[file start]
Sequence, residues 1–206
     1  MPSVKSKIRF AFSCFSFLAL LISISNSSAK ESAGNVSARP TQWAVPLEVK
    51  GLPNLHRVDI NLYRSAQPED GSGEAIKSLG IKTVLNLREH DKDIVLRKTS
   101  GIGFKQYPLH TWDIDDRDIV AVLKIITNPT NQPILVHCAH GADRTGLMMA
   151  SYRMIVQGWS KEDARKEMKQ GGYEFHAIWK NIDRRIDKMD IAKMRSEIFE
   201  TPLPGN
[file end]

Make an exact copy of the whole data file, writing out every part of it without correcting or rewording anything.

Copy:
Sequence, residues 1–206
     1  MPSVKSKIRF AFSCFSFLAL LISISNSSAK ESAGNVSARP TQWAVPLEVK
    51  GLPNLHRVDI NLYRSAQPED GSGEAIKSLG IKTVLNLREH DKDIVLRKTS
   101  GIGFKQYPLH TWDIDDRDIV AVLKIITNPT NQPILVHCAH GADRTGLMMA
   151  SYRMIVQGWS KEDARKEMKQ GGYEFHAIWK NIDRRIDKMD IAKMRSEIFE
   201  TPLPGN